Ralph Adams Cram

Architect, United States
Ralph Adams Cram was without question the foremost practitioner of the Gothic style
of architecture of his day in the United States, but he was a writer and advocate of no less
energy and stature. The author of 24 books and scores of magazine and journal articles,
Cram was a member of the faculty of the Massachusetts Institute of Technology from
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1914 to 1922, and he toiled ceaselessly to advance his reasons for the continuation of an
architectural tradition stretching back to medieval times.
Born in Hampton Falls, New Hampshire, Cram lacked the money to attend college and
instead became an apprentice in the Boston architectural firm of Rotch and Tilden.
Through his expanding circle of acquaintances in the Boston artistic world, Cram fell
under the influence of the work of the English designer-writers John Ruskin and William
Morris and came to admire the work of Henry Vaughan, an English Gothicist (and
follower of George F.Bodley) who would go on to design the National Cathedral in
Washington, D.C.
Cram was a devotee of high-church Anglicanism, a belief that made his enthusiasm
for the Gothic more than merely stylistic. Indeed, art and religion to Cram were virtually
inseparable. In his view the Gothic was not a style of the past but rather one that was
capable of continuing evolution and that embodied the highest spiritual aspirations. “My
idea,” he wrote in his 1936 autobiography, “was that we should set ourselves to pick up
the threads of the broken tradition and stand strongly for Gothic as a style for church
building that was not dead but only moribund and perfectly susceptible of an awakening
to life again.”
So vigorously did Cram pursue the Gothic that he has come to be thought of almost
exclusively as a Gothic architect, but he was also highly skilled in the classical,
Byzantine, Georgian, and Lombard styles.
Over his long career, Cram worked with numerous collaborators, but his most fruitful
association was with Bertram Grosvenor Goodhue, who joined him in 1891 and soon
became a partner in the firm. Cram’s greatest strength was in the development of the plan
and the overall composition of a building, whereas Goodhue proved a master at detail.
Among the many brilliant ecclesiastical buildings that they designed together, the finest
example of their combined talents is St. Thomas Episcopal Church on New York City’s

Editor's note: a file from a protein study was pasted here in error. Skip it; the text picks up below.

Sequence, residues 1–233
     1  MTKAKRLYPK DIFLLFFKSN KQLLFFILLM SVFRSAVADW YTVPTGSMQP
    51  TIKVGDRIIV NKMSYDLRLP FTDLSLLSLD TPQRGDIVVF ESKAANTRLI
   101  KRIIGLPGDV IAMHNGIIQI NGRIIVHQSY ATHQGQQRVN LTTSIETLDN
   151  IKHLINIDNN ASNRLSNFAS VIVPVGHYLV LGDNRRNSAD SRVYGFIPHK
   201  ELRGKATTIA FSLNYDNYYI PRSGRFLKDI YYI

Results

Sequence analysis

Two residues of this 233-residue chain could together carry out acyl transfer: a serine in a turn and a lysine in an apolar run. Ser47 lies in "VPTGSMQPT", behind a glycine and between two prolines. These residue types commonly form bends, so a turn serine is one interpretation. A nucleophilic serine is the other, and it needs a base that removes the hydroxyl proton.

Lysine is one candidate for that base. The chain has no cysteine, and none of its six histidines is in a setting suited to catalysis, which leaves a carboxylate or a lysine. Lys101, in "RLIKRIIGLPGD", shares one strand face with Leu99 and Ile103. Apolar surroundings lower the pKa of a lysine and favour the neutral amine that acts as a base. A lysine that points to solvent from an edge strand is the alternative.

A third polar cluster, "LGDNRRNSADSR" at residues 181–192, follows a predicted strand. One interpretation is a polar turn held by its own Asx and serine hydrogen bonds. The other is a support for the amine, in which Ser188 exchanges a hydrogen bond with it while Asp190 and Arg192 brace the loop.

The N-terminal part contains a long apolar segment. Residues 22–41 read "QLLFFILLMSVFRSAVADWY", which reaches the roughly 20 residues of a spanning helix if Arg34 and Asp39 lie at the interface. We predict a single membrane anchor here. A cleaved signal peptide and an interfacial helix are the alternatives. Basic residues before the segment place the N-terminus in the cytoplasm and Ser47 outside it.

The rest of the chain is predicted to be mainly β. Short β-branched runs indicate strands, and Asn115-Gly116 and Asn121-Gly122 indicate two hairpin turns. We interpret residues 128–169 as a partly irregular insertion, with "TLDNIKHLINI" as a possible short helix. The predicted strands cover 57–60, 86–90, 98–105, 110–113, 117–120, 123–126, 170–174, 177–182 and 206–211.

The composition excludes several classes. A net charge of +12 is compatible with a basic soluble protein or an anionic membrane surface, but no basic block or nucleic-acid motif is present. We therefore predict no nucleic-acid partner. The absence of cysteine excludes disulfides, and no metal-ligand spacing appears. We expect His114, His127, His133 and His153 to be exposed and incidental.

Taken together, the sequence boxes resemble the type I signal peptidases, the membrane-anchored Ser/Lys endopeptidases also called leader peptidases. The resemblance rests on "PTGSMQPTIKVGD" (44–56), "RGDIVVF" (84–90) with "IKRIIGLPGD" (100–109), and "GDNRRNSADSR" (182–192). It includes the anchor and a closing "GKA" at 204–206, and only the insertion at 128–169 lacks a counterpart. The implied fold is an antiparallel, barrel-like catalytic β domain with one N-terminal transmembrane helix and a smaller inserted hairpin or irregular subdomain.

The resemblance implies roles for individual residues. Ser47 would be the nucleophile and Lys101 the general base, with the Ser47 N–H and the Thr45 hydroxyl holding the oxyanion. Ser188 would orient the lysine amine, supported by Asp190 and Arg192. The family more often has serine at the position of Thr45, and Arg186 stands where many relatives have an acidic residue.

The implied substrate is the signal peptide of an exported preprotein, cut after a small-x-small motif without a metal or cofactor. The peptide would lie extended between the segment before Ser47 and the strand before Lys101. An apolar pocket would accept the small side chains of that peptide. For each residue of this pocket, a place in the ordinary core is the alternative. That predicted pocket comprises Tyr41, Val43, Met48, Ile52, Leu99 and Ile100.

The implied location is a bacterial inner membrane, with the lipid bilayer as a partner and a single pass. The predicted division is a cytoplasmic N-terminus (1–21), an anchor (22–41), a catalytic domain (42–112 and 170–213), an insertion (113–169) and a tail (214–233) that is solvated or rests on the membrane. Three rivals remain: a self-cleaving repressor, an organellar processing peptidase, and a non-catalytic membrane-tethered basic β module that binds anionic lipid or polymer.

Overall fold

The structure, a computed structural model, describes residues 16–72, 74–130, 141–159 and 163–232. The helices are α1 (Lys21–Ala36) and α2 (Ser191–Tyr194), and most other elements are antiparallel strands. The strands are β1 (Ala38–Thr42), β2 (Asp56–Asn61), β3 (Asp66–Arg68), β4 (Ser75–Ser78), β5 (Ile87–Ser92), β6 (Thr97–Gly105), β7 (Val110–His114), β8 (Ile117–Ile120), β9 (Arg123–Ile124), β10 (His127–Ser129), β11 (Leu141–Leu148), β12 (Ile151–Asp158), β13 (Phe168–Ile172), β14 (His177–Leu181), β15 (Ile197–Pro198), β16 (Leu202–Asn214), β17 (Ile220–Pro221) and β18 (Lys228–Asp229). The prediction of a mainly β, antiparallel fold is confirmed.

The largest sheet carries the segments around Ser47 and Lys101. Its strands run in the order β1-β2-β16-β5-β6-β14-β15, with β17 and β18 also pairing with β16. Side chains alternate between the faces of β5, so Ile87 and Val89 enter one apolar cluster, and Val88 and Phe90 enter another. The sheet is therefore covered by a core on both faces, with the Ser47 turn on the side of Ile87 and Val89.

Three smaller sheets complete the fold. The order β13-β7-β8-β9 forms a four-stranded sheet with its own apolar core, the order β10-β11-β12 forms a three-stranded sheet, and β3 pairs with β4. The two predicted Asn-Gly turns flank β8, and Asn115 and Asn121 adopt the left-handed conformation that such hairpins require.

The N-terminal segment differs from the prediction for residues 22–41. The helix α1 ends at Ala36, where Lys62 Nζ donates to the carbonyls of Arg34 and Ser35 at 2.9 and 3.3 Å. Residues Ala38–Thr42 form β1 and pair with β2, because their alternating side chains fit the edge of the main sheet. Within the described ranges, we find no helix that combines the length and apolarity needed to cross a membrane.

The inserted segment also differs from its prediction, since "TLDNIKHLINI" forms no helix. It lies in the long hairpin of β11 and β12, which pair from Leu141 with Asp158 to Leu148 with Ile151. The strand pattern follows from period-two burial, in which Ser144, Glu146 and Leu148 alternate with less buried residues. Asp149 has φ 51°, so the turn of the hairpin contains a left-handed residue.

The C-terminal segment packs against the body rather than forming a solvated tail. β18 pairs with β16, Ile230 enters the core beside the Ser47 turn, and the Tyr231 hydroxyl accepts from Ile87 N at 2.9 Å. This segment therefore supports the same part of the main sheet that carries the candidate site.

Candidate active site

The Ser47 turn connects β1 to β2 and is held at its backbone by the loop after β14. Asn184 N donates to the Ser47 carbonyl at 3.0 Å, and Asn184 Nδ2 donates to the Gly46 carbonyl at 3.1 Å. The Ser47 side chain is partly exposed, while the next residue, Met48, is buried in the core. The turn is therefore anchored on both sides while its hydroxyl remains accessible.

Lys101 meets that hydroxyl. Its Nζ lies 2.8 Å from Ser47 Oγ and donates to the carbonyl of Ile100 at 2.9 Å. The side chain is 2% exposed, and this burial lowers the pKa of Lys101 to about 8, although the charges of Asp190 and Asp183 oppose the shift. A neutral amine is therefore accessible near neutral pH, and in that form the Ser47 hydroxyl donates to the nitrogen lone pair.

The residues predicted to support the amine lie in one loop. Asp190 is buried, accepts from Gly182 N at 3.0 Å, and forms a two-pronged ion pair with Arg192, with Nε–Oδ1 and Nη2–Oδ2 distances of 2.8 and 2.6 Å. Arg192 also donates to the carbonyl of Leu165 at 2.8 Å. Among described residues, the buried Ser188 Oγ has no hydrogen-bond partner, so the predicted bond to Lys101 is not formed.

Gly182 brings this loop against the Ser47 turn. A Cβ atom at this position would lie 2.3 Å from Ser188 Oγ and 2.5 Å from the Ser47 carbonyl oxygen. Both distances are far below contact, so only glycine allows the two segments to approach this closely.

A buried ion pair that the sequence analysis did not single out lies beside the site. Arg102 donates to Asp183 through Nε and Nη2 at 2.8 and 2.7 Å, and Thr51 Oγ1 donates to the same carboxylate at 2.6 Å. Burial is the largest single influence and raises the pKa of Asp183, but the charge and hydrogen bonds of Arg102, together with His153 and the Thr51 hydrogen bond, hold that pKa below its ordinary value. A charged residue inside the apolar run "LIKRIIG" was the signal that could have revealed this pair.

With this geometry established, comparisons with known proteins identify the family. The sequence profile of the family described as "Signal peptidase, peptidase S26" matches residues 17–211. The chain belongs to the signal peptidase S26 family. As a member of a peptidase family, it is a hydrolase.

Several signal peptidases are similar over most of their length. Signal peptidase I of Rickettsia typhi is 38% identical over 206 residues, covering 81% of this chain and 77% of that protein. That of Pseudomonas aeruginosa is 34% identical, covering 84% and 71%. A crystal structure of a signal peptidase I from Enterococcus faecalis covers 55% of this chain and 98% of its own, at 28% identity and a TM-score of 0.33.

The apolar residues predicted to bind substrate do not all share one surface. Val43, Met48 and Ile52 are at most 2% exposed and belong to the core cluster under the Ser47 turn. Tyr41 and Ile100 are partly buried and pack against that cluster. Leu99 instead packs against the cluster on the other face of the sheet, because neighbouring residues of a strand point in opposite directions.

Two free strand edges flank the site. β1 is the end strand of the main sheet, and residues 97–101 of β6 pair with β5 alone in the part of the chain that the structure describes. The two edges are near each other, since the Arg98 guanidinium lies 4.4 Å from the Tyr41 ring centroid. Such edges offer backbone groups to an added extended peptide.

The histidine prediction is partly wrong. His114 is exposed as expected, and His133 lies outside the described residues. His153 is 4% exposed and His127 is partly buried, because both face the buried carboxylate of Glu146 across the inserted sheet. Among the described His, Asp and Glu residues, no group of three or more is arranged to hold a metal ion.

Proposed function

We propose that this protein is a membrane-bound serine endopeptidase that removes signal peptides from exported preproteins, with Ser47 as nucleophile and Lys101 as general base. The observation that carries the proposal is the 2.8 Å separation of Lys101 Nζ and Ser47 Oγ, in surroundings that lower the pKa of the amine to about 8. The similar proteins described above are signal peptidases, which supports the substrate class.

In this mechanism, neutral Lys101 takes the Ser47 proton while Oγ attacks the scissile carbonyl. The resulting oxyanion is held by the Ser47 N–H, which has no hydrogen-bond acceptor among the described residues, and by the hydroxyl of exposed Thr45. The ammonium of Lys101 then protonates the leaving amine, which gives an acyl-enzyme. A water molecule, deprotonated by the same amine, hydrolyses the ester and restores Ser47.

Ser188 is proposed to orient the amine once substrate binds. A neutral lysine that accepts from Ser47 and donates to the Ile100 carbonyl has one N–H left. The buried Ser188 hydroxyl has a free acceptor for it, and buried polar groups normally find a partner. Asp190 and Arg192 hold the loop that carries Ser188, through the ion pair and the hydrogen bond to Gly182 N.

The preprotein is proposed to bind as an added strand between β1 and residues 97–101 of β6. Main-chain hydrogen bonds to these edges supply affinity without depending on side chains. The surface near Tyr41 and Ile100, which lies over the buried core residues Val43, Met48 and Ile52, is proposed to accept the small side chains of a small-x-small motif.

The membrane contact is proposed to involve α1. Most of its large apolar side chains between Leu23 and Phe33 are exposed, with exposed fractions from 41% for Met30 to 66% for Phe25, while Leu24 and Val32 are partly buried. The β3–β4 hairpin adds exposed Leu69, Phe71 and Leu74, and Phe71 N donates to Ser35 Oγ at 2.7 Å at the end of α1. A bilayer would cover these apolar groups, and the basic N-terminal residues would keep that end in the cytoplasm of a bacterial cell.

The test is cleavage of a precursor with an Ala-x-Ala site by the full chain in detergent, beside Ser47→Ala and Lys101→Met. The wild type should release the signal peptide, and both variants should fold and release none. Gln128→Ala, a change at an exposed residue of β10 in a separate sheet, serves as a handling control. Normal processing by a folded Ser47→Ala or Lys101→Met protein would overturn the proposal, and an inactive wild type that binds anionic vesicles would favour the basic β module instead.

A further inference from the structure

Fifth Avenue, completed in 1914. A serenely confident sense of mass and space is
enlivened with striking ornamentation, especially in the enormous reredos, or sculptural
screen, behind the altar. Designed by Goodhue and executed by the sculptor Lee Lawrie,
it creates an almost theatrical focus for the earnest overall composition.
Despite the unabashed historicism of St. Thomas, Montgomery Schuyler, the
distinguished architecture critic, saw the beginnings of a new architectural direction
lurking beneath its details. “In the block,” Schuyler wrote, “without a single tool mark of
ornament, the new St. Thomas’s would already be a noble building. The highest praise
the decoration of such a building can deserve is that it heightens and develops the
inherent expression of the structure.”
Cram’s far grander but less elegant design for the completion of the Cathedral of St.
John the Divine (begun by the firm of Heins and La Farge), also in New York, marks the
high point of the Gothic revival in the United States.
Much of Cram’s finest work was done at private boarding schools, such as Phillips
Exeter Academy, and on college and university campuses. He was a consulting architect
to Bryn Mawr, Mount Holyoke, and Wellesley and did work at Rice, Sweetbriar, and
Williams, but he is best known in this area as the supervising architect of the Princeton
University campus, where his most powerful buildings include the chapel and the
graduate school (1911–29). In explaining his dedication to the Gothic as the most
appropriate style for educational institutions, Cram wrote that the late Gothic of the
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colleges at Oxford and Cambridge was “the only style that absolutely expresses [the]
ideals of an education that makes for culture and…character.”
With his partners Bertram Goodhue and Frank Ferguson (who was
responsible primarily for engineering), Cram also oversaw the design of
several major buildings at the U.S. Military Academy at West Point, most
notably the Cadet Chapel (1903–14). The architects exploited the dramatic site above the Hudson River to the full. The
concept of a Gothic fortress rising from the heights commanding a great river seemed
both programmatically and symbolically correct. No better icon of Cram’s integration of
his spiritual and architectural muscularity exists than that above the main door, which is
embellished with a cross in the form of a sword hilt.
The image of the sword was one that Cram used later in life, as the influence of Le
Corbusier and the other leading European modernists began to be felt in the United
States, much to Cram’s dismay. “These things,” he wrote, referring to the stripped
elements of the new aesthetic, “seem to me to be a betrayal of trust, a vicious though
unintentional assault on the basic principles of a sane and wholesome society.” The
modernist idea, he went on, “has its own place and it may and should go to it. Its
boundaries are definite and fixed, and beyond them it cannot go, for the Angel of
Decency, Propriety, and Reason stands there with a flaming sword.”
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